Cumberland Posey, the principal owner of the Homestead Grays, spent 35 years (1911-1946) in baseball as a player, manager, owner, and club official. He built the Grays into a perennially powerful and profitable team, one of the best in the East.
After starring in basketball in college, Posey began playing baseball for the semi-pro Grays in 1911. He soon ended his playing career to become field and business manager of the Pittsburgh-based team.
He took control of the Grays in 1920 and turned them into a highly successful regional enterprise as an independent team. The Grays’ strong identity in Pennsylvania and surrounding states enabled them to survive the depths of the Great Depression in the 1930s.
Posey, an aggressive talent seeker with the Grays, at one time or another had several players who eventually were elected to the Hall of Fame on the Grays’ roster. He often enticed the best players on other clubs to join his team and later lost many of his stars to another Steel City juggernaut: The well-financed Pittsburgh Crawfords. The Grays rebounded and became a member of the second Negro National League in 1935, soon dominating the circuit.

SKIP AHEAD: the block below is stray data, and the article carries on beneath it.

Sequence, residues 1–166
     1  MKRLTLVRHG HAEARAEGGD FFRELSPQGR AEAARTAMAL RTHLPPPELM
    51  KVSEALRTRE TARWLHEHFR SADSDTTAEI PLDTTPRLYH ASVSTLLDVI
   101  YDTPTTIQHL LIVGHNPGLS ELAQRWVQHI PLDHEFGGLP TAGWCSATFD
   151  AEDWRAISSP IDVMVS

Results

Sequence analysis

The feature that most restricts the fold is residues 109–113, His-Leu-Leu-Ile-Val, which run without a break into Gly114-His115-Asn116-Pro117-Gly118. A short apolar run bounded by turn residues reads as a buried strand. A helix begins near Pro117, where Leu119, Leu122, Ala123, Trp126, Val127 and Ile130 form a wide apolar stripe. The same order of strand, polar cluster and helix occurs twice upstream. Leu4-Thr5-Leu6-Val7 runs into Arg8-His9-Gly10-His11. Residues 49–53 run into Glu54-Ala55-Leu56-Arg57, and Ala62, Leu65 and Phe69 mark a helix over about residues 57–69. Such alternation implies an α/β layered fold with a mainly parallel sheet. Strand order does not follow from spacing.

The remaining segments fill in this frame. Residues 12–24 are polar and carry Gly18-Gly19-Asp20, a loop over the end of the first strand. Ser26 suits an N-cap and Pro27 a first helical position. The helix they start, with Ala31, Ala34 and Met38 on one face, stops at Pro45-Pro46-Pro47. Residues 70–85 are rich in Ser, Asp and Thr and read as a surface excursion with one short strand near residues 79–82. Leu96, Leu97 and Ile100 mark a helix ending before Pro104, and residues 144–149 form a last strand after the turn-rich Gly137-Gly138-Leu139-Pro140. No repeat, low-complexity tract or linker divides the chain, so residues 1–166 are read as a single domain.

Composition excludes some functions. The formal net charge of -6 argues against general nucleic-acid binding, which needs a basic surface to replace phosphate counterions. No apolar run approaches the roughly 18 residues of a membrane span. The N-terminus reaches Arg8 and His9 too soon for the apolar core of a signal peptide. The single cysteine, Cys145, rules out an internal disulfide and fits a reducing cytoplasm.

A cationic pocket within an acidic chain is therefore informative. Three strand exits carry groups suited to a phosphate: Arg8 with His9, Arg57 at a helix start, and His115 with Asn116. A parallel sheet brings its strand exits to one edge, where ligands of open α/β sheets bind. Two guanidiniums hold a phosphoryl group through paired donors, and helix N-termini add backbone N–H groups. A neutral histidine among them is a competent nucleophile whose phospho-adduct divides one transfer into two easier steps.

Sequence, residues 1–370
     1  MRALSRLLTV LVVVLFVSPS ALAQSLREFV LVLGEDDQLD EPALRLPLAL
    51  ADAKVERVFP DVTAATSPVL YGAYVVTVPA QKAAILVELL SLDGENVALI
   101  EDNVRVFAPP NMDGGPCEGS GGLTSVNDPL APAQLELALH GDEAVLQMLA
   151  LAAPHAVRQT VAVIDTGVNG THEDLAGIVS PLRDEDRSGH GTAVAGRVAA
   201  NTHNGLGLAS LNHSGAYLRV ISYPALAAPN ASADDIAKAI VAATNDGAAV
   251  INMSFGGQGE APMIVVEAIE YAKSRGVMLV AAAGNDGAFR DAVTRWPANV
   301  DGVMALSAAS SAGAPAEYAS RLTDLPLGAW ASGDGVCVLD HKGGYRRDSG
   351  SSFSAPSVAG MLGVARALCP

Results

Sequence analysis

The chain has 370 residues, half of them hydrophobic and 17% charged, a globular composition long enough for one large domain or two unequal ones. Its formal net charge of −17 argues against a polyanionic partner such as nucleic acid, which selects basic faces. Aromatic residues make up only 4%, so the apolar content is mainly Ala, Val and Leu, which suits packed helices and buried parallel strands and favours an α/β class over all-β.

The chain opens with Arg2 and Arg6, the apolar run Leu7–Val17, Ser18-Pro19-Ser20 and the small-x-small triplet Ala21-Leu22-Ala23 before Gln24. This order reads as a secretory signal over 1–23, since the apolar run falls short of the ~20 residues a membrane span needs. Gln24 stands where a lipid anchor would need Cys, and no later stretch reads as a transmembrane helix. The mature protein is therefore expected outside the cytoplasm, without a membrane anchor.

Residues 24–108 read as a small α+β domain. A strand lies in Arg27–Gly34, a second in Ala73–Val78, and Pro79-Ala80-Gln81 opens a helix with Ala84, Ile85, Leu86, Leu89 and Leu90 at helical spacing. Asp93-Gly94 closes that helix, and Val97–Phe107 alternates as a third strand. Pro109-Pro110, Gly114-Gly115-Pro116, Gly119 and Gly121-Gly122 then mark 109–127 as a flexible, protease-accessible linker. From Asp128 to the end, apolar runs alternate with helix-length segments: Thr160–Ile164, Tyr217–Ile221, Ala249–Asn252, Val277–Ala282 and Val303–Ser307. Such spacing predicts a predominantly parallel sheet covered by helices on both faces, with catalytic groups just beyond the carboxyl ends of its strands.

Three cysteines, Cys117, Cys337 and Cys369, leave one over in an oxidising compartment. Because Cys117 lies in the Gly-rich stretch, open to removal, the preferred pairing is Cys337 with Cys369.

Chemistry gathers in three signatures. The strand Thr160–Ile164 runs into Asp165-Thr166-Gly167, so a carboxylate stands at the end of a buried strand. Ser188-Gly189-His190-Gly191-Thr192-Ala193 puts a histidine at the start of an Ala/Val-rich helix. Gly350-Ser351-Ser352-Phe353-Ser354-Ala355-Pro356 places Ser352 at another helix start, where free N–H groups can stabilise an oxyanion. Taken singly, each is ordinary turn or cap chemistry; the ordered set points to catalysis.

Posey attempted to start the East-West League in 1932 during the Depression, but it did not last the season. He later became an officer of the Negro National League and was a major force at its meetings throughout the rest of his career. He also was a frequent critic of the league, both before and after joining it, in his regular sports columns for the Pittsburgh Courier, a leading African-American newspaper.
Courier sportswriter Wendell Smith once wrote of Posey: “Some may say he crushed the weak as well as the strong on the way to the top of the ladder. But no matter what his critics say, they cannot deny that he was the smartest man in Negro baseball and certainly the most successful.”
Posey passed away on March 28, 1946. He was elected to the Hall of Fame in 2006.